Jennifer Gurney:

I have to admit it. I belly laughed at this one! That’s all I’ve got. Well done.

Alan Harvey:

Although easily understood, “thin walls” allows each reader to interpret it according to their own experiences.

One person may be pleased that someone is looking out for their well-being by praying for them. Another person may be annoyed someone is praying to a supernatural being to intercede for them. Embarrassment washes over the reader who was caught in an awkward position in the flesh or heard through the thin walls.

Vandana Parashar is an Indian microbiologist. Could the neighbors next door have overheard some laboratory experiment gone horribly wrong? Maybe she contracted a mysterious bacterial disease and needs our prayers or is about to unleash an exotic new disease on the world and we need to pray for her soul.

And actual thin walls work both ways. How does the individual know “the couple next door / prays for me”? Maybe listening through the thin walls? Much intrigue for such a short poem.

Ann Smith:

I expect a lot of us have been on at least one side of this wall.

This verse made me smile and reminded me in particular of some passages in one of my favourite books -The Leopard by Giuseppe Tomasi di Lampedusa in which the Prince is musing on his lovelife and his marriage to his very puritanical Princess and thinks:

“…….I’ve still got my vigour; and how can I find satisfaction with a woman who makes the sign of the Cross in bed before every embrace and then at the critical moment just cries, ‘Gesummaria!’”

So thank you Vandana and Vidya for reminding me about this book which I have nor read for decades but am now looking forward to the pleasure of reading it again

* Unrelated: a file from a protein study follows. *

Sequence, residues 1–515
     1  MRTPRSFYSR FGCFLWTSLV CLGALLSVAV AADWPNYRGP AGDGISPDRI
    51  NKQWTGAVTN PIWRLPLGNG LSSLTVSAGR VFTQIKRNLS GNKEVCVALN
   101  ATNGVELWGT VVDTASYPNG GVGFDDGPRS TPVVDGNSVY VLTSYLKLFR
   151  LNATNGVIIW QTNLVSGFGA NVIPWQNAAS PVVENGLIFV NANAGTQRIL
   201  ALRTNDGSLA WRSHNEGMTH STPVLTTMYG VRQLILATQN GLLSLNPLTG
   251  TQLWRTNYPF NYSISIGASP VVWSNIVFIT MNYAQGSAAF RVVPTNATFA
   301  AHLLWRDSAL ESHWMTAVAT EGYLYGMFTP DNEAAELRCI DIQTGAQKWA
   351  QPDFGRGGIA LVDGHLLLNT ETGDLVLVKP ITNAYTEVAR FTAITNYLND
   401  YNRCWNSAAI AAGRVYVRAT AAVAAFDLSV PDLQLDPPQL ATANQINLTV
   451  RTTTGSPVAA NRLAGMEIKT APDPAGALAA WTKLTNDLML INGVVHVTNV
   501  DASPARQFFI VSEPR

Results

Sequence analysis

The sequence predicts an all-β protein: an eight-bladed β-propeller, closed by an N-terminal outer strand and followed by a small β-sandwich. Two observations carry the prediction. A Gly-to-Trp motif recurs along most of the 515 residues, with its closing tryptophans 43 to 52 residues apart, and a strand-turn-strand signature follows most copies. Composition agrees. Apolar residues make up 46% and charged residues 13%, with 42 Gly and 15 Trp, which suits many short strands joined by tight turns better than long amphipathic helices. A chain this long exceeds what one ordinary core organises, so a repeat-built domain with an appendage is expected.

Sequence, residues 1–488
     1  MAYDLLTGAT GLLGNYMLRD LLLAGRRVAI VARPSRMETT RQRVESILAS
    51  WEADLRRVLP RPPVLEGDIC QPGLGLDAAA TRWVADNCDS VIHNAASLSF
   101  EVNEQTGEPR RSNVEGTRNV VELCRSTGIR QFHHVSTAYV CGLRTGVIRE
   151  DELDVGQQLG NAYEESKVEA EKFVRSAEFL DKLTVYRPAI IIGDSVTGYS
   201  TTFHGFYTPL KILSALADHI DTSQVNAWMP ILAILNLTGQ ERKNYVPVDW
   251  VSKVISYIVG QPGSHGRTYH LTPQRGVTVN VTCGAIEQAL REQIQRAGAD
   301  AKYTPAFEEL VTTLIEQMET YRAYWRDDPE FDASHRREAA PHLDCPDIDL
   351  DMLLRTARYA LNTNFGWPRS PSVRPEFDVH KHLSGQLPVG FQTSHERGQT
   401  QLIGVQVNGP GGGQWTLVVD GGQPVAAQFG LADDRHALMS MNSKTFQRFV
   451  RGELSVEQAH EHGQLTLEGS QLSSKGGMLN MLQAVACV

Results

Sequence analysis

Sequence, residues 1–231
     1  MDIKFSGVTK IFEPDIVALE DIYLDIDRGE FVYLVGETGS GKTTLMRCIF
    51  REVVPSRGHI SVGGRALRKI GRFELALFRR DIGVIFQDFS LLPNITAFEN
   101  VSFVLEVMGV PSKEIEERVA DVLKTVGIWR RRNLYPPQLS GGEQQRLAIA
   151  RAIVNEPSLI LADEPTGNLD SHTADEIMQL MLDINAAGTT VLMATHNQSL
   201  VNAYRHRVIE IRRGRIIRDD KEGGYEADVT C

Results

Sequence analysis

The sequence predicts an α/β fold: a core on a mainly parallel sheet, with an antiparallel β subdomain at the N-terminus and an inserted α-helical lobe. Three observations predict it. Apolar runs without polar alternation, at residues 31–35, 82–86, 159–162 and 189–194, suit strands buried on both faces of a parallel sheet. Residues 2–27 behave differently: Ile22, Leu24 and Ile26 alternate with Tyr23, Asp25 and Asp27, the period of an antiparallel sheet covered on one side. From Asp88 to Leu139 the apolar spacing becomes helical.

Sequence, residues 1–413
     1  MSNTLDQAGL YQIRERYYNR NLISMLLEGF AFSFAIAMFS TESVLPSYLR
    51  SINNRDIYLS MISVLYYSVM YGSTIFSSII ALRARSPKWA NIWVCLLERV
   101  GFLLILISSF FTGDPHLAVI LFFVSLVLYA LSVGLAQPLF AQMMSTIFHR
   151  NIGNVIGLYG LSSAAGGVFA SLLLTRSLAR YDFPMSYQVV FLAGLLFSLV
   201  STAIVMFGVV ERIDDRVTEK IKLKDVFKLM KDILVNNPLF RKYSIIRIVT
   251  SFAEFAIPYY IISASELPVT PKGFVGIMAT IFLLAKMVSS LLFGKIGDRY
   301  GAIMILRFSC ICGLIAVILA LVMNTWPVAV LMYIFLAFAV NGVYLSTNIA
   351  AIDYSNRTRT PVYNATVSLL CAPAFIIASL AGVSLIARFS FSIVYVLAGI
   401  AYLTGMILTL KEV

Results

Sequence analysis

Melissa Dennison:

How many times do we hear people complaining about noisy neighbours or having thin walls? This notion is turned on its head in this haiku, as this is a positive sound, which suggests a close bond or relationship between the poet and his neighbours. Many of us live in cities where we don’t know our neighbours, not even their names. This haiku reminds us of the importance of human connection, that we need others, we need good neighbours, since no man or woman is an island.

As I continue to engage with this poem I ask myself why are the neighbours praying for the poet? Is she ill? Down on her luck? Or could her lifestyle be one they disagree with and wish to change? I like the space here which the poet leaves for our imaginations to fill.

Thin walls also speaks to a feeling of vulnerability, we are all vulnerable and will experience times when we need the support of others even if we are not aware of this now. Sometimes we think we are invincible, but life has a tendency of letting us know that we are not.

I enjoyed reading this haiku, as it is thought provoking with an air of mystery about it.

Amoolya Kamalnath:

This senryu can be read in two ways. One is a reading which would be pleasing to the reader as well as the poet as well to the next door couple. Everyone is happy. The next door couple’s prayer truly rings in care, concern, love, blessings and joy to the speaker in the poem.

Now thin walls could mean heard through the door or window or through gossip from x, y and z. Even walls have ears, mind you!